How does one find a good family law lawyer? A good approach can be to ask for a referral from a trusted friend, family member, or co-worker. If you can’t get the names of any lawyers that way, you can always look in the phone book or search on the web. Yet, how will you know if a lawyer is any good, just from reading their advertisement? How can you tell if the lawyer is competent and ethical? Even if competent and ethical, how will you know if you get along with a prospective lawyer, or feel comfortable trusting them with the many intimate details of your personal life, such as those that can be involved in a divorce?
Finding a good family law lawyer who you get along with is often times as difficult as finding a good life partner in the first place. The good news, however, is that the attorney-client relationship, if all goes well in the divorce process, should be short-lived, compared to what one would expect in a personal relationship with a life partner.
When seeking out an attorney to represent you in a divorce, one should not be shy in asking qualifying questions. Think of it as an interview, where you are hiring someone to handle one of, if not the most important matter of your life. Thus, best to ask important and potentially sensitive questions up front, rather than run into problems down the road. So, what do you ask?
Some basic questions should always include:
Where did you go to law school?
Why did you go to law school?
How well did you do?
How long have you been practicing law?
Do you specialize in just family law, or practice other areas of law too? If you practice more than just family law, how much of your practice is devoted purely to family law?
What Legal (“Bar”) Associations do you belong to? Do you belong to any family law related associations or sections of the Bar?
What would the majority of your past clients say about you, in terms of what they liked and disliked?
Are you willing to provide me with a budget of your projected legal fees?
What is your relationship with the judge or judges that may be deciding my case?
Are you a certified family law specialist in the state in which you practice law?
These are just some basic questions to get you started when interviewing a family law lawyer. But, the questions should not stop there. Feel free to ask anything and everything in order for you to feel comfortable in deciding whether to hire any particular lawyer.
In formulating your questions to help determine whether to hire a lawyer, the below may be helpful. This is a document I provide to all my clients in order to let them know what they can expect from me, and what I expect from them. The better a person understands upfront the nature of the attorney-client relationship, the greater the chance that relationship will go smoothly. After all, the last thing one needs while going through a divorce is difficulty in their relationship with their lawyer.
Client’s Bill of Rights
1. You have the right to competent counsel with the skill, knowledge, emotional, mental, and physical ability to diligently and efficiently represent your interests to the highest standards.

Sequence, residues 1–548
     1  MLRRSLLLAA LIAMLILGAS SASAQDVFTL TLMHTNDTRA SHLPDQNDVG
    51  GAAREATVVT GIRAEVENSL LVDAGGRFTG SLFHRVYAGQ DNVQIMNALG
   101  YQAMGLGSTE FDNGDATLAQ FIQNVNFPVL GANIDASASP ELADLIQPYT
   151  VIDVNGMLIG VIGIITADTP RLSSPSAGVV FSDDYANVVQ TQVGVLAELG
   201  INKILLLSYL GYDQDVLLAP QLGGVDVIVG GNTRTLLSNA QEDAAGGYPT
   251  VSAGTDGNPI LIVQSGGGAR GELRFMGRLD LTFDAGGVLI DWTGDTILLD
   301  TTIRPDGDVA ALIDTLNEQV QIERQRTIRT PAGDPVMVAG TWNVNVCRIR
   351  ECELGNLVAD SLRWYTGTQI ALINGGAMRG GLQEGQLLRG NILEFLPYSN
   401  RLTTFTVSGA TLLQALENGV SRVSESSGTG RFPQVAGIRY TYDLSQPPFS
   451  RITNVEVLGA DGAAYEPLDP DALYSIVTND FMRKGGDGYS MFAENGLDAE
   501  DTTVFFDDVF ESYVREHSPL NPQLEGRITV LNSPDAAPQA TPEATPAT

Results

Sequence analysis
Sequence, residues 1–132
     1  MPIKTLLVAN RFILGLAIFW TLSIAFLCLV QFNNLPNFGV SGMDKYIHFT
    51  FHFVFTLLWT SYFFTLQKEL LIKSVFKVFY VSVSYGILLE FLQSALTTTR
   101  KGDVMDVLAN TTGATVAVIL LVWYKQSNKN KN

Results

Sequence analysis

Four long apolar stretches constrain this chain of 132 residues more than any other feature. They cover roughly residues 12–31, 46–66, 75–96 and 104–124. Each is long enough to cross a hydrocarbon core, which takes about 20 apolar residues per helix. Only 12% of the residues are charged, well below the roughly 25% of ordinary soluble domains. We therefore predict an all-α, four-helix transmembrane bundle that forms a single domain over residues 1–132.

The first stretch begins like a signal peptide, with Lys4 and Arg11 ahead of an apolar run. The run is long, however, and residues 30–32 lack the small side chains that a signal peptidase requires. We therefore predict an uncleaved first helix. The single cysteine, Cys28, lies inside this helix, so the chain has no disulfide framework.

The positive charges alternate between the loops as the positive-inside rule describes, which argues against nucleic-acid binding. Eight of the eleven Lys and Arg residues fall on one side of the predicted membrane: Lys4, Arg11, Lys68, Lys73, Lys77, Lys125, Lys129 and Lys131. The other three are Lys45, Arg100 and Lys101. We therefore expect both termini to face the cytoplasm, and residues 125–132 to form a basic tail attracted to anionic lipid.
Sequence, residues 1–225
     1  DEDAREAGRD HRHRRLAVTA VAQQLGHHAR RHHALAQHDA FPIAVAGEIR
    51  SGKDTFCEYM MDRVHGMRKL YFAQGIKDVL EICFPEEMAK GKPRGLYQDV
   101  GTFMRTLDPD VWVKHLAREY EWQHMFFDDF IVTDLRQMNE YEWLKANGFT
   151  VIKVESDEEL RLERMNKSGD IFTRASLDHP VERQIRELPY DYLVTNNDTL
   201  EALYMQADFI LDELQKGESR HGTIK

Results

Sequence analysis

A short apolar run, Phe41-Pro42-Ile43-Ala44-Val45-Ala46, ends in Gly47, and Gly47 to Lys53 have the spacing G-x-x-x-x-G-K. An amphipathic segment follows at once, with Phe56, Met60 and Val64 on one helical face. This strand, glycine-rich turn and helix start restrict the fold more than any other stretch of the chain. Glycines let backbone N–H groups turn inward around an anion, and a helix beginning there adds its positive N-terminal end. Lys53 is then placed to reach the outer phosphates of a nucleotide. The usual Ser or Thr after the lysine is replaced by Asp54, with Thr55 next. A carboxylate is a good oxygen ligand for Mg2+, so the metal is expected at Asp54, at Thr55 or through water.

2. The right to be treated with courtesy and consideration by the attorney and his/her staff. This right shall include prompt return calls and copies of documentation related to your case.
3. The right to representation that is free of any conflicts of interests.
4. The right to obtain advice from your attorney about the advantages and disadvantages of alternatives to litigation.
5. The right to know the attorney’s billing procedure, the amounts you will be charged for the various types of services to be provided, an estimate (or budget) of the attorneys total fees, and an itemized bill clearly showing your attorney’s services and charges.
6. The right to be continuously advised on the progress of your case.
7. The right to have your questions answered in a way that you can understand. This includes the right to engage in settlement negotiations that do not amount to coercion or forced settlements.
8. The right to privacy in all of your dealings with your attorney, including the contents of your file.
9. The right to terminate your attorney’s services at anytime for any reason.
10. The right to insist that your attorney attempt to engage in meaningful settlement negotiations or alternative dispute resolution, instead of continued protracted litigation.
Client’s Obligations to Attorney
1. The obligation to fully advise your attorney of all known facts related to your matter, even if very personal and potentiall embarrasing, and to keep him advised of any new facts as they arise. Keep in mind that what your lawyer doesn’t know, may hurt you.
2. The obligation to pay your attorney’s bills promptly or to advise him/her why they are not being paid. No one likes to work for free. But, most lawyers understand legal services are expensive. Thus, they will work with you to help you pay your fees.
3. The obligation to keep in touch with your attorney, including promtly letting him/her know your new physical and email addresses and phone numbers if they change.
4. The obligation to promptly follow your attorney’s advice and cooperate with his/her requests.
These items are merely a guide to give you an idea of what you should expect from your relationship with your attorney. The more functional the relationship is with your attorney, the more likely you are to get the results you want from your case, and to get through what can be a difficult process with the least amount of heartache.
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